This was an Easter surprise bought for me by Tilly, who has discovered a lovely treasure trove of actual proper ales that are bottled on sale in our lovely town. Given the pale offerings from our local supermarket and even from the local Co-Op (colour me well surprised) this was a happy find.
This lunchtime, I am able to bring to you thoughts on a completely different type of ale that I have never seen before, though my experience is rather limited, and that is Banks (Barbados) Brewery's Stallion.
The small bottle immediately piques my interest as my limited experience with beers sold in small volume tells me that this could be a good one. It is a stout and, as I am learning, I do rather like my dark and deep ales. The label is an interesting one too, with not too much to say about the contents. A healthy snick upon opening suggests a great deal of carbonation. Yet the pour rapidly shows that this is not the case. There is an immediate strong aroma of malt and chocolate biscuit - like a cheesecake with plenty of cocoa. A big creamy head is formed but it lasts very little time, dissipating before I managed to even get a picture (that isn't mine up there). Very dark colour, near black, puts me in mind of the excellent Libertine that I had Oop North.
The first sip of this attractive 5% ABV dark stout is not disappointing. There is a deep chocolate flavour that compliments the biscuit aroma, rich and thick like a Christmas fruit cake with a biscuit base. The aroma and the taste work well together and I can recommend a glass with a thin enough neck to get the effect. I can't place any hops in this, apart from some bittering toward the end of the taste and in the aftertaste, like cherry actually now as I think about it, but the malt is plenty strong and interesting enough to carry it. There is a pleasant and surprisingly clear aftertaste that puts me in mind of Black Forest Gateaux, though I would prefer this ale to the actual cake.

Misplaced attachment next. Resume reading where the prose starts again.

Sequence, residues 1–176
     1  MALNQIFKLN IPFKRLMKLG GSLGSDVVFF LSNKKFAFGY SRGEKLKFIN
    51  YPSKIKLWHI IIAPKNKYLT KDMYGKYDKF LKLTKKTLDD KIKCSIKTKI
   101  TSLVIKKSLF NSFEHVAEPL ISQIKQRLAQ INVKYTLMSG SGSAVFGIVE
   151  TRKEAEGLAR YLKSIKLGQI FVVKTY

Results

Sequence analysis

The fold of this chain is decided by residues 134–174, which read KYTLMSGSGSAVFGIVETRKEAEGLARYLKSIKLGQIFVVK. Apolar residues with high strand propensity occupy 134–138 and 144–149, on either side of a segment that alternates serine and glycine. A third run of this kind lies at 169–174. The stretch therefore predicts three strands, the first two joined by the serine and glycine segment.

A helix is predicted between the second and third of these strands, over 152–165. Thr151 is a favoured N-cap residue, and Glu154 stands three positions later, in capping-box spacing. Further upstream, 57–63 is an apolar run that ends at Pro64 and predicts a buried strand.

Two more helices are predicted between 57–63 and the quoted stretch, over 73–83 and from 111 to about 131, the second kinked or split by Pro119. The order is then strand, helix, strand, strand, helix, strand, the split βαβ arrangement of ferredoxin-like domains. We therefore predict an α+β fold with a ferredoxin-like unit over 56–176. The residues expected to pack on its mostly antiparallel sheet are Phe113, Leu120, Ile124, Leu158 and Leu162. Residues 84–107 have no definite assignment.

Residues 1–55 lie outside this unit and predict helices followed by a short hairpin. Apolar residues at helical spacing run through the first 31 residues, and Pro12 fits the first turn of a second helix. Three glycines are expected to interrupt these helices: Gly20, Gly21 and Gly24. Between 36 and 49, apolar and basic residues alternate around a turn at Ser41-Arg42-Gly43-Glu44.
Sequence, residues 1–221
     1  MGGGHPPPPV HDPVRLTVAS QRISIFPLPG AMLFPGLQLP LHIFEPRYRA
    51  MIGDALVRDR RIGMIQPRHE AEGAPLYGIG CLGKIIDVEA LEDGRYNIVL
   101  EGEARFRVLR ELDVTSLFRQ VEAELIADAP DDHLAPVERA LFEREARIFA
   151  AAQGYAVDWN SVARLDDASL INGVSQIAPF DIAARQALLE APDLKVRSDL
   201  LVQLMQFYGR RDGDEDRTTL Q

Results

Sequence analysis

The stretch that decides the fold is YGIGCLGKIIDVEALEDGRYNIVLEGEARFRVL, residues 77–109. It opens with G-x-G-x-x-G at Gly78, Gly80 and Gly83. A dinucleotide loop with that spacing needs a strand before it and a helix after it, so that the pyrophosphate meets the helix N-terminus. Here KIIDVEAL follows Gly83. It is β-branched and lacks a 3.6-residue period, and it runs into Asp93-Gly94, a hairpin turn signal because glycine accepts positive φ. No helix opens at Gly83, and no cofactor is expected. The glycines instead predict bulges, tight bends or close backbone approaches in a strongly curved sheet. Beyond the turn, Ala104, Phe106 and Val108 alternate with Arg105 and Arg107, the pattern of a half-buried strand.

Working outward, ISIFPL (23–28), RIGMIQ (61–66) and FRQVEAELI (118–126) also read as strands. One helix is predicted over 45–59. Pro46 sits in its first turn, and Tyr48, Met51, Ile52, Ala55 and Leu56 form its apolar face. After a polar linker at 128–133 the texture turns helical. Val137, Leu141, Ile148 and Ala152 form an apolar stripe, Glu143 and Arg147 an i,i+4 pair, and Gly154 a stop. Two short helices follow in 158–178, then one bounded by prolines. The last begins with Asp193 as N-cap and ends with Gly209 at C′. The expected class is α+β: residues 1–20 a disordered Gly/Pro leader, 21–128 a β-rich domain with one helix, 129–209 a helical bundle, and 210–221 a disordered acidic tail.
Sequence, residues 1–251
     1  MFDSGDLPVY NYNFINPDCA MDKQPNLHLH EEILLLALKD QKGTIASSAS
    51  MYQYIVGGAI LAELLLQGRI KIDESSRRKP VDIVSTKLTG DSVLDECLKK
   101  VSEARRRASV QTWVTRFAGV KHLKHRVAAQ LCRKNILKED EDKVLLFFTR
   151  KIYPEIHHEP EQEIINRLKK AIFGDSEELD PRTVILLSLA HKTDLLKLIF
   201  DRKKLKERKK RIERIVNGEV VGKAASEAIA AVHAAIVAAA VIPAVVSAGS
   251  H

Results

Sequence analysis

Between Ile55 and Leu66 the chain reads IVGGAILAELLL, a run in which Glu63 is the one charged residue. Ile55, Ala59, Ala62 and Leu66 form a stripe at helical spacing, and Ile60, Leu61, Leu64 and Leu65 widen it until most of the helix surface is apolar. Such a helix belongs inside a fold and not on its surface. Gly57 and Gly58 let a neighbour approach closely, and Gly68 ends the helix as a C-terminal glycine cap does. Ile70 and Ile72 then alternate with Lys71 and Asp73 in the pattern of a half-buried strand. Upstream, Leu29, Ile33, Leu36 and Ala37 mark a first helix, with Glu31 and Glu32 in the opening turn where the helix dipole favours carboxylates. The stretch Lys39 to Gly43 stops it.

Enjoy this as a dessert ale, to have alone or with rich and decadent desserts in accompaniment. It is perhaps best suited to the festive season or to late autumn, and is definitely one I shall revisit around that time of year. Alas, I was unable to let this one lie that long as the date on it was July 2014. But I would recommend getting it in for a Christmas do, serve it with proper posh cakes and biscuits, maybe with cheese instead of coffee, and settle in for a long and pleasant evening shooting the breeze and dissecting the Queen's Speech.